5. Field test the brochure using focus group discussions with target group members, revise and disseminate the final draft of the brochure. Two focus group discussions were conducted with the main food preparer in families with young children. Focus groups were conducted following methodology described by Krueger (1990). After IRB approval, focus group participants were recruited with the help of Extension Educators in two midwestern states. The primary food handlers were typically parents or guardians of child(ren) 10 years and under. A focus group script was developed and reviewed by three professionals prior to use. A facilitator and one assistant who took notes conducted the focus groups. Each focus group was audiotaped and transcribed to ensure accuracy of the participants' discussion and comments. The focus group facilitator conducted the focus group in the following manner. After signing consent forms, an ice-breaking activity preceded each focus group. After completion of a demographic survey, participants were given the food safety brochure and then asked to read the brochure. During this period, participants were encouraged to circle items on the written material that were unclear and to write notes capturing their thoughts to share during the focus group. A focus group script was developed with questions and prompts on brochure content and brochure format. After participants responded to the material, the focus group session began. Following the discussion, the participants received a food safety kit. The focus group transcripts were analyzed for common themes.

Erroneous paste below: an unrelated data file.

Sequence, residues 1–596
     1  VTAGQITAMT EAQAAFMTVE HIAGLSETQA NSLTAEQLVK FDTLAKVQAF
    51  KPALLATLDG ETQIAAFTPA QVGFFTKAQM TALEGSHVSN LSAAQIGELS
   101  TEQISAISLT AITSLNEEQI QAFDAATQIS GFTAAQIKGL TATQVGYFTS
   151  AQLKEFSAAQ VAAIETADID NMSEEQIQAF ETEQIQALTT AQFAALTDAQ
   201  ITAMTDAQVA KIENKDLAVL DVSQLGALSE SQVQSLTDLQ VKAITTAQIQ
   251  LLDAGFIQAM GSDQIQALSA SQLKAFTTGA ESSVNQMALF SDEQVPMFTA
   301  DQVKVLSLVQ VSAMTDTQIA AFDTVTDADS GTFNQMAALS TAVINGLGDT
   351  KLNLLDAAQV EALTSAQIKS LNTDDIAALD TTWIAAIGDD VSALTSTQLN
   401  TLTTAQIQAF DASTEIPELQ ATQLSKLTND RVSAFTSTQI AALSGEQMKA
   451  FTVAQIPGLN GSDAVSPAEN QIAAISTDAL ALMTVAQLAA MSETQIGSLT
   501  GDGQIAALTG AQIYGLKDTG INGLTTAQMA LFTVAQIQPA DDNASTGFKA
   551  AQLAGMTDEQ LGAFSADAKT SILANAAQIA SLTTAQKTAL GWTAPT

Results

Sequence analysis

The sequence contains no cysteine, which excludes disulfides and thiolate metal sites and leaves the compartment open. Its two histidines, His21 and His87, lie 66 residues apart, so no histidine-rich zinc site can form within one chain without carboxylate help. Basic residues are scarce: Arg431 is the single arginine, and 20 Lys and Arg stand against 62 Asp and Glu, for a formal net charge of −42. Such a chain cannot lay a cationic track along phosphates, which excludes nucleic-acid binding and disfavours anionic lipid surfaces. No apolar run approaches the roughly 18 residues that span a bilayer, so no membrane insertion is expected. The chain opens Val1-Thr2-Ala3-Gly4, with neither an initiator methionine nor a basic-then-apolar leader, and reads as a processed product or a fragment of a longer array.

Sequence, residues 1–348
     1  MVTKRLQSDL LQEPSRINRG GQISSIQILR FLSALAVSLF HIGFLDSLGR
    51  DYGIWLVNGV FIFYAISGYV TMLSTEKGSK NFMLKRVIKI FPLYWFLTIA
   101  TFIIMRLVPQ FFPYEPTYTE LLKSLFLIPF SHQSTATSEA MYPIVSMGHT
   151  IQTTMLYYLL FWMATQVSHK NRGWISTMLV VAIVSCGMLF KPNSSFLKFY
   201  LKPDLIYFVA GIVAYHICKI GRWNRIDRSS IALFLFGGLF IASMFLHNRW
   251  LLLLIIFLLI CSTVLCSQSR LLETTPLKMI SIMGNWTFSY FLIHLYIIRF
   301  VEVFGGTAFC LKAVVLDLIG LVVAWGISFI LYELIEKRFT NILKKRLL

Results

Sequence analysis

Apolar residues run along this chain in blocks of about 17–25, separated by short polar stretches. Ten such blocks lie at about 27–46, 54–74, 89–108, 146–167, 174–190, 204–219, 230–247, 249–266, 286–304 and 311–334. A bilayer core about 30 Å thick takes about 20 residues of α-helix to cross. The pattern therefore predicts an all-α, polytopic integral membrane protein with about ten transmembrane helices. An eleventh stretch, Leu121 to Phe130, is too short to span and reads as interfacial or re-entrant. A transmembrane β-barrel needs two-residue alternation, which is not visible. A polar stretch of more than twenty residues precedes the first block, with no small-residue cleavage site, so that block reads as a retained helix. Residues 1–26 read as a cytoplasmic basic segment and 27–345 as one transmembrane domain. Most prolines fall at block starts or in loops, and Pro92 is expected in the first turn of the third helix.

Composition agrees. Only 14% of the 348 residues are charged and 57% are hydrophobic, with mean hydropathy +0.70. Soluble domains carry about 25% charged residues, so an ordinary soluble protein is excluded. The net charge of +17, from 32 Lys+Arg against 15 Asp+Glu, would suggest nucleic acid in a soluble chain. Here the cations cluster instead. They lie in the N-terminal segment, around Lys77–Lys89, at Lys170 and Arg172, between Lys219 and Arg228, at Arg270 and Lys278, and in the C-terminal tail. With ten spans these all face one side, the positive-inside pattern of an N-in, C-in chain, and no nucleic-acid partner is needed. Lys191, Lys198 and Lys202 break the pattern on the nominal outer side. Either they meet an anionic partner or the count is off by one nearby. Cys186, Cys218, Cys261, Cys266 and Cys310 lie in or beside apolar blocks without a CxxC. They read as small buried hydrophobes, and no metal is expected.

Published Literature Review

A review of the literature suggested that information from the FightBac!™ campaign (USDA) would provide the primary messages for the brochure. Four main behavioral constructs often correlated with risk reduction were used to structure the brochure content: practicing hand and surface hygiene (clean), avoiding cross-contamination (separate), cooking foods to proper temperatures (cook), and storing foods at safe temperatures (chill).

Plain Language Strategies and Readability

The Flesch Reading Ease formula and the Gunning Fog Index (Readability Formulas, 1996) both yield a mathematical estimate of the readability of a specific text. The Flesch Reading Ease values for the brochure were estimated at 70.7 on a difficulty scale ranging from 0-100. Standard scores typically range from 60-70, where higher scores indicate easier to understand text. The Fog Index was estimated at 10.04, which is slightly above the ideal values of 7-8. Scores above 12 indicate the text is quite difficult to understand. The Flesh-Kincaid Grade Level Readability Test, which rates the text on a U.S. grade school level, estimated the brochure was at the 7th grade reading level.